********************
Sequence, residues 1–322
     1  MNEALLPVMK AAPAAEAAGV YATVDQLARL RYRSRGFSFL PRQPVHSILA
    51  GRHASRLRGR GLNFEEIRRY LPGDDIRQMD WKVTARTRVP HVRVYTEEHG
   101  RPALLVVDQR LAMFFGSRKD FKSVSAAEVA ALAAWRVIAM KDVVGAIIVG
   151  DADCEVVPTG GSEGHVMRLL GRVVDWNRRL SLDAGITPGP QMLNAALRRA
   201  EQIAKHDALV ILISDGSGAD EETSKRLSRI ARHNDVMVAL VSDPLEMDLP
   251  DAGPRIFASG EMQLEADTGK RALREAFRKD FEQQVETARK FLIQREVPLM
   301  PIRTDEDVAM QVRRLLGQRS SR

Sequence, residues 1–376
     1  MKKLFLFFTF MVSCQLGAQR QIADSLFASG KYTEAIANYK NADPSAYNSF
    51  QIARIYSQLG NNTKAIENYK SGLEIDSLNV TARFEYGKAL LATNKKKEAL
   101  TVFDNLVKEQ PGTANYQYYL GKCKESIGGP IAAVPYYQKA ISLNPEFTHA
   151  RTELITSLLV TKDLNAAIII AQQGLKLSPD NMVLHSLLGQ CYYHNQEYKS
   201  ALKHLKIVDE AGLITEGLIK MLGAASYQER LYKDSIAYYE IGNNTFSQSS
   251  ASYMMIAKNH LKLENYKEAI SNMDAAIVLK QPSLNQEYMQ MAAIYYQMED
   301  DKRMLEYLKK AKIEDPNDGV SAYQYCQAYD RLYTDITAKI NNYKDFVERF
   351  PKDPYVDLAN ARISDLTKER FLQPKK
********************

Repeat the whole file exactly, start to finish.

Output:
Sequence, residues 1–322
     1  MNEALLPVMK AAPAAEAAGV YATVDQLARL RYRSRGFSFL PRQPVHSILA
    51  GRHASRLRGR GLNFEEIRRY LPGDDIRQMD WKVTARTRVP HVRVYTEEHG
   101  RPALLVVDQR LAMFFGSRKD FKSVSAAEVA ALAAWRVIAM KDVVGAIIVG
   151  DADCEVVPTG GSEGHVMRLL GRVVDWNRRL SLDAGITPGP QMLNAALRRA
   201  EQIAKHDALV ILISDGSGAD EETSKRLSRI ARHNDVMVAL VSDPLEMDLP
   251  DAGPRIFASG EMQLEADTGK RALREAFRKD FEQQVETARK FLIQREVPLM
   301  PIRTDEDVAM QVRRLLGQRS SR

Sequence, residues 1–376
     1  MKKLFLFFTF MVSCQLGAQR QIADSLFASG KYTEAIANYK NADPSAYNSF
    51  QIARIYSQLG NNTKAIENYK SGLEIDSLNV TARFEYGKAL LATNKKKEAL
   101  TVFDNLVKEQ PGTANYQYYL GKCKESIGGP IAAVPYYQKA ISLNPEFTHA
   151  RTELITSLLV TKDLNAAIII AQQGLKLSPD NMVLHSLLGQ CYYHNQEYKS
   201  ALKHLKIVDE AGLITEGLIK MLGAASYQER LYKDSIAYYE IGNNTFSQSS
   251  ASYMMIAKNH LKLENYKEAI SNMDAAIVLK QPSLNQEYMQ MAAIYYQMED
   301  DKRMLEYLKK AKIEDPNDGV SAYQYCQAYD RLYTDITAKI NNYKDFVERF
   351  PKDPYVDLAN ARISDLTKER FLQPKK